French President Francois Hollande has privately conceded that the religious opponents of his equal marriage plans are proving to be “tough”.

The embattled French leader, whose popularity has plunged since taking office six months ago, made the comment to Jean-Luc Romero, one of the country’s prominent gay politicians, during a ceremony at the Elysee Palace last week.

On Wednesday, President Holland’s government will officially unveil the country’s proposed draft equal marriage bill, after it is presented to the cabinet.

If all goes well, the French Parliament will then vote on the bill in early 2013.

Political pressure from France’s Catholic Church has started to reach a crescendo.

Cardinal Andre Vingt-Trois, the Archbishop of Paris, has called on President Hollande to drop the reform.

Opponents threaten to bring a million protesters on to the streets of Paris in a rerun of the demonstrations that blocked President Francois Mitterrand’s attempt to abolish Catholic schools in 1984.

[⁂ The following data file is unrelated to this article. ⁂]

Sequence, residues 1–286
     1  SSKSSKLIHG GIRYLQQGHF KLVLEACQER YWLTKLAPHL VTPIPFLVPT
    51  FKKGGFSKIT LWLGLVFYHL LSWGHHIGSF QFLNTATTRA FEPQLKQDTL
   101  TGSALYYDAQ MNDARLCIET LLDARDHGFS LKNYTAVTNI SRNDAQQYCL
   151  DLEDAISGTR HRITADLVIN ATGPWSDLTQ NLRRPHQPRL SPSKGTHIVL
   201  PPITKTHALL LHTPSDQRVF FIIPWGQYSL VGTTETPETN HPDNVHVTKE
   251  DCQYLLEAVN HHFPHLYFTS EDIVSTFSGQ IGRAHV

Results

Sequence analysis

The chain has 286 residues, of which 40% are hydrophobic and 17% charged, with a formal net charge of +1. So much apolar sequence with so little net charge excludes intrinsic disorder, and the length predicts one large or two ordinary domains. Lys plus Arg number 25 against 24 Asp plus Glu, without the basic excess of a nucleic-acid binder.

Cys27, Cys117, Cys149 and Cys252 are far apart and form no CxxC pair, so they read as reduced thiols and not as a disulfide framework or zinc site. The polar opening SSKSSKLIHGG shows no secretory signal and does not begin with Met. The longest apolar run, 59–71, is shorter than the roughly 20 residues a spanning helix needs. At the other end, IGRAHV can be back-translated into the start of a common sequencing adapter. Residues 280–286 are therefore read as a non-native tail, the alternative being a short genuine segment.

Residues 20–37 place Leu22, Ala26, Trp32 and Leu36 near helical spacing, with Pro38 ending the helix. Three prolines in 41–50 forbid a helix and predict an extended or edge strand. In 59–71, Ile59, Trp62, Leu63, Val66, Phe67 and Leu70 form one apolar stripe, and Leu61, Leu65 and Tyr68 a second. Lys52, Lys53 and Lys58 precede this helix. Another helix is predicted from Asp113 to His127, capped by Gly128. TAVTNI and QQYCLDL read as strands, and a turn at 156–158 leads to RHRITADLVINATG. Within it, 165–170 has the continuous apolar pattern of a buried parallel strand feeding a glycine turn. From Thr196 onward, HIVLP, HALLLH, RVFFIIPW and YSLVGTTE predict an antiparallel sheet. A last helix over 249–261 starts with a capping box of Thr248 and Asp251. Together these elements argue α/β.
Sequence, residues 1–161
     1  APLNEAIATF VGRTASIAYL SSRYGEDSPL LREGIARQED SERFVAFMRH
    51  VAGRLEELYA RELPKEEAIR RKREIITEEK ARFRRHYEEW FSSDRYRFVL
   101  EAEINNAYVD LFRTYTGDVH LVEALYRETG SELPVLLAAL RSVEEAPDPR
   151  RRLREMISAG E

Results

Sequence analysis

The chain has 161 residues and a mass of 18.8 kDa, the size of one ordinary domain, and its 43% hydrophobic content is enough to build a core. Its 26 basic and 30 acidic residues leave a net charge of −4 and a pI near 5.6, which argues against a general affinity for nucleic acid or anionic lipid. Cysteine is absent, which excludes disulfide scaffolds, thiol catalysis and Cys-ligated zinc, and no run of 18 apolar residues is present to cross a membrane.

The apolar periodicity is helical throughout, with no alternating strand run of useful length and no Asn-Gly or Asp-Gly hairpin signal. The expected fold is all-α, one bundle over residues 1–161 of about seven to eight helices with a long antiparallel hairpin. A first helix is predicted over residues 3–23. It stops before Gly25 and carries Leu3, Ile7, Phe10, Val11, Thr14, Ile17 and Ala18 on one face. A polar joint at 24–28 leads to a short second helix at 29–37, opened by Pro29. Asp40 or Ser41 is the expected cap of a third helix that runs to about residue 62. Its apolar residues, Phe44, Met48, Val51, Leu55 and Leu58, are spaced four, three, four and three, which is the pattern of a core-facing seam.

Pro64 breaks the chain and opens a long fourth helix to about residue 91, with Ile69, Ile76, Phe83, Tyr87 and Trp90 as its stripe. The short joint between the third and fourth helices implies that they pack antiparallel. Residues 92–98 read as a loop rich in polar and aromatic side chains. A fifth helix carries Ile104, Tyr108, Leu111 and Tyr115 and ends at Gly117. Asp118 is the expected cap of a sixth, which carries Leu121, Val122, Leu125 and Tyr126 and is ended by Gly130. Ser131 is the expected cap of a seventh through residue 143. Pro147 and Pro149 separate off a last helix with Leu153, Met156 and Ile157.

It has also exposed cultural divisions between politicians in rural constituencies, where there is less support for equal marriage, and those in more metropolitan areas.

Even in Paris, figures such as district mayor Francois Lebel have stoked fears that equal marriage could lead to decline of French society.

It is against this politically fraught atmosphere that support for equal marriage, whilst still overwhelmingly popular with the French electorate as a whole, has taken a hit.

A poll shows support for equal marriage in the country has fallen by 5% in the past year.